Unlike some, I think the EU winning the Nobel Peace Prize is a good thing. Europe was the most warlike place on earth for millennia. I have trouble thinking of somewhere more incessantly violent than pre-1945 Europe.
The Americas, Africa and Australia were both too sparsely populated for properly sustained warfare of the European variety. They also didn’t have the technology to produce viable killing machines. South Asia and East Asia, e.g. the Muhgals, Han etc. settled into imperial systems in which a hegemon acted arbitrarily violently, but which was never as dangerous as Europe”s state of war.
Things got a bit peaceful from 1815-1914, but once Europe had run out of non-Europeans to kill they went back for a hundred-year-giant-slaughter-anniversary bash which they ran, with intermission, from for about the next 30 years.
But, suddenly, since 1945, we haven’t really killed each other that much – apart from the Russians, but we’ve always thought they were a bit odd. In my view somebody needed an award, the EU is good enough. Plus, it has at least been pretending that maintaining the peace is what it was trying to do.
However, a couple of days before EU was awarded the prize, they did something which made the world a marginally more warlike place. Europe killed the BAE/EADS merger. BAE is synonymous with the British military-industrial complex, EADS is the same for continental Europe. A merger would have created one of the largest producers of military hardware in the world.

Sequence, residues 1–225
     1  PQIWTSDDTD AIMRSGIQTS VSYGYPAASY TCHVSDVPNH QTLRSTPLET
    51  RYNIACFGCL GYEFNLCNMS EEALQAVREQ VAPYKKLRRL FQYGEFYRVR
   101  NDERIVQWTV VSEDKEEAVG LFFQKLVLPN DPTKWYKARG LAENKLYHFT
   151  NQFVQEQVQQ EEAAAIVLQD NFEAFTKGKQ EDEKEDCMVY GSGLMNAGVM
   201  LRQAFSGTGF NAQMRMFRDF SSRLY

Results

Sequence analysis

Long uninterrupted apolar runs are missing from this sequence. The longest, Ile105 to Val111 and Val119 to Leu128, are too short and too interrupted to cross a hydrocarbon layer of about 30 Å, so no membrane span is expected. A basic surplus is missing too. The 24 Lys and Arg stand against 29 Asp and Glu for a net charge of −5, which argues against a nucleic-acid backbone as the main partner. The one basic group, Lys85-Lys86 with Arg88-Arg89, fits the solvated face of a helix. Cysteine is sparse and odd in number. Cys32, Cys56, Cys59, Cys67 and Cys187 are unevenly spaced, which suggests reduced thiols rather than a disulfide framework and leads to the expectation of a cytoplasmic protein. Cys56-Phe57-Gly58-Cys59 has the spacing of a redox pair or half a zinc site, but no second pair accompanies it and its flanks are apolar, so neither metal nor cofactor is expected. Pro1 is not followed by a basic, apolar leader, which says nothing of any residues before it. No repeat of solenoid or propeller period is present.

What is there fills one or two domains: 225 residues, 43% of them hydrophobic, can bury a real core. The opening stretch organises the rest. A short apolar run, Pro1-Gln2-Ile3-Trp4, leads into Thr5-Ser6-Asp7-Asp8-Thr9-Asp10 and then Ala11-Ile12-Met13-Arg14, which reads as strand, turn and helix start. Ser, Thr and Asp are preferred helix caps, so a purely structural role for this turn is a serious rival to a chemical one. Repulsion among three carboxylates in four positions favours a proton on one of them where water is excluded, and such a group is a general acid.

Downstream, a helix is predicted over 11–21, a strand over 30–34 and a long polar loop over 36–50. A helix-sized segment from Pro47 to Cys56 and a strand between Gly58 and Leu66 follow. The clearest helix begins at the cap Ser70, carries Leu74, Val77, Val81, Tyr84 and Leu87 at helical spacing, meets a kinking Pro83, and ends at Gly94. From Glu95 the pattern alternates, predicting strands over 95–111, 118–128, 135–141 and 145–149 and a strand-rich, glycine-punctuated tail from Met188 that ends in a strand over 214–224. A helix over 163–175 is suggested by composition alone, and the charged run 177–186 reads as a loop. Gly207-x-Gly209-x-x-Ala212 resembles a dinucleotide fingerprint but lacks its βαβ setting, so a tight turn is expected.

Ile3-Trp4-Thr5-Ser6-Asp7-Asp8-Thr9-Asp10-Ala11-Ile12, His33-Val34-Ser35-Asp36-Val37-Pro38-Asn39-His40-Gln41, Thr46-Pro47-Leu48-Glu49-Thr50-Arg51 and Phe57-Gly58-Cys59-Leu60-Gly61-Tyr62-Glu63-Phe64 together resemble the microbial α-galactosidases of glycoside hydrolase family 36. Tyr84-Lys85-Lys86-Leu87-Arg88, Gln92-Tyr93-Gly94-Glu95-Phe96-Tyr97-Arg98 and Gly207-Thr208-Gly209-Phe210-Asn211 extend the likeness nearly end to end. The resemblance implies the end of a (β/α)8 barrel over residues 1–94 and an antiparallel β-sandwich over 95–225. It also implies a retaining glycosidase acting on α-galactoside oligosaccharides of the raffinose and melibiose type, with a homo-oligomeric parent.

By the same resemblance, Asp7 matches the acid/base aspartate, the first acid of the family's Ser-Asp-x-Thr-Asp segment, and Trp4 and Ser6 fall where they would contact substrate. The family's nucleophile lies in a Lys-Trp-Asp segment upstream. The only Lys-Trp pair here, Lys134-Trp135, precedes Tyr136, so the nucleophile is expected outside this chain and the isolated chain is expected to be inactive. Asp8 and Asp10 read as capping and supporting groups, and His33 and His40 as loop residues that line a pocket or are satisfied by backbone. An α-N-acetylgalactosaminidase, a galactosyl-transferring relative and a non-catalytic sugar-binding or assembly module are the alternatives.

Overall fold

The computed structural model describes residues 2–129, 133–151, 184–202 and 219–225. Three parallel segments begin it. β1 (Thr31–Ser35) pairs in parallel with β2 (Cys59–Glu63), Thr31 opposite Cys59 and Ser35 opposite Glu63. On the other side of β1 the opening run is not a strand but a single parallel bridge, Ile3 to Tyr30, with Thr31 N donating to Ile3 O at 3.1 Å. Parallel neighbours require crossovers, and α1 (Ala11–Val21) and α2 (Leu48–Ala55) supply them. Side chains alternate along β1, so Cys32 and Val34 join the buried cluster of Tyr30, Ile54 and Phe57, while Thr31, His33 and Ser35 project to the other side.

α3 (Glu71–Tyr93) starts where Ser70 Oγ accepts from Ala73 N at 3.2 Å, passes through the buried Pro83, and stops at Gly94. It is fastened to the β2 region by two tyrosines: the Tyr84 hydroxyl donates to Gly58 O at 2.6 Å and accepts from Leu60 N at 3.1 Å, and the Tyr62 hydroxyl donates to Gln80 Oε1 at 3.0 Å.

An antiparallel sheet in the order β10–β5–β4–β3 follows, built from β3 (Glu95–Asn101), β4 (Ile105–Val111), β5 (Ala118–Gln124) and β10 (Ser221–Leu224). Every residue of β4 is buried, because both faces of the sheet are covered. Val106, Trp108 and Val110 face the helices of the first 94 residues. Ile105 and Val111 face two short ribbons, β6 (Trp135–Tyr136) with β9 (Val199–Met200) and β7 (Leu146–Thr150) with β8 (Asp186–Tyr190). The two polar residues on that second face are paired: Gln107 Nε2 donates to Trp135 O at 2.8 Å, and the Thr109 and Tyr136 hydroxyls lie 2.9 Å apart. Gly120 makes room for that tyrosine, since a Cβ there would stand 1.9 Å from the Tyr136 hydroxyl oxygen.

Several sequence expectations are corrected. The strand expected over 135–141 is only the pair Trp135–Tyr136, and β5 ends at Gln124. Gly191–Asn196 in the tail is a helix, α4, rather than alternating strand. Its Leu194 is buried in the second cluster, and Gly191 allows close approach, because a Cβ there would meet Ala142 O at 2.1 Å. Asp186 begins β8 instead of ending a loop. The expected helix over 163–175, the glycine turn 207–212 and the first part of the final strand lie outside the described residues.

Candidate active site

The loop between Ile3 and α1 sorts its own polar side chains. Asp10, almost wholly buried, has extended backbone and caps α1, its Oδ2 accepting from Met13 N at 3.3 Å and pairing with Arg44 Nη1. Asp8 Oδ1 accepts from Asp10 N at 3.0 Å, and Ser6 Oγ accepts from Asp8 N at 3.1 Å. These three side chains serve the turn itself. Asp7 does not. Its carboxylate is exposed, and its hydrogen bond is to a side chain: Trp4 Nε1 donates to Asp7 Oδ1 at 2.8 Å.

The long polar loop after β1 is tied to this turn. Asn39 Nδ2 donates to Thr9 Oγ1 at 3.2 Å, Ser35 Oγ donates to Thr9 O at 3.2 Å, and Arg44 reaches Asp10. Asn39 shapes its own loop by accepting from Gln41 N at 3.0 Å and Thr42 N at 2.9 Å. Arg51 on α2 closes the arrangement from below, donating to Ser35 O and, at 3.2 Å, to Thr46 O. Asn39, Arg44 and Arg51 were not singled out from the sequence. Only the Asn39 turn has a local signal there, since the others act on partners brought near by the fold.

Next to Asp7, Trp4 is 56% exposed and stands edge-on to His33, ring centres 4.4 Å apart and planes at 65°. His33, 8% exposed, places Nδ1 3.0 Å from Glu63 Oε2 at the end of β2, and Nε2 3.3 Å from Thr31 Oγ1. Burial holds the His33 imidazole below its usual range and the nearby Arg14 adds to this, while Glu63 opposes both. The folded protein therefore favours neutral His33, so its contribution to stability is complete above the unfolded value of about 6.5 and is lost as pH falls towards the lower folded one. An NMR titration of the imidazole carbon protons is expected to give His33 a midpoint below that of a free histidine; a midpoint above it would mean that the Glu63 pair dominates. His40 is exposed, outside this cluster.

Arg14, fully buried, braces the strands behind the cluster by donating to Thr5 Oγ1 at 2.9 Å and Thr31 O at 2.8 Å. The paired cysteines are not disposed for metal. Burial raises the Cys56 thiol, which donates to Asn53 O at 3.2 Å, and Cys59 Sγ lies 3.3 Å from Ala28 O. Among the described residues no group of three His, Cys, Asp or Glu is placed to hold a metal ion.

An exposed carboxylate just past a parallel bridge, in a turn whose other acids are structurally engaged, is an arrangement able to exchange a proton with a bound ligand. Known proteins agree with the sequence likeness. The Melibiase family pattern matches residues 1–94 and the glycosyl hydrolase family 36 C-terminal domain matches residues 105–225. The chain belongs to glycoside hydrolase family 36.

By killing the deal Europe has managed to prevent the management of BAE and EADS from rushing headlong into a pointless merger and stopped them from destroying millions of pounds worth of weaponised wealth.
Mergers have a terrible history. Rather than enabling synergies and economies of scale or scope, mergers often leave everybody worse off than if the firms had remained separate. The juries out on why mergers so often go wrong; it could be managerial hubris; it could be the winner’s curse wherein the winner is the person who bids ever so slightly too high; it could be something more Hayekian, in that people underestimate the complexity of the larger company.
In any case, I thought it was likely a BAE/EADS merger was a value destroying proposition. Both BAE and EADS are tightly linked to their sponsor states. A merged company would have had to answer to the British, the French and the Germans. Can you imagine them getting anything done if you had those three bosses? It would be a recipe for disaster, but disaster in the “killing things” supply chain is a net plus for the world, so I thought it odd to see these two stories come out at about the same time.
Oh, and why would two medium firms merge into a large one if it is such a bad idea? Well, its a bad idea for the owners, but for the management…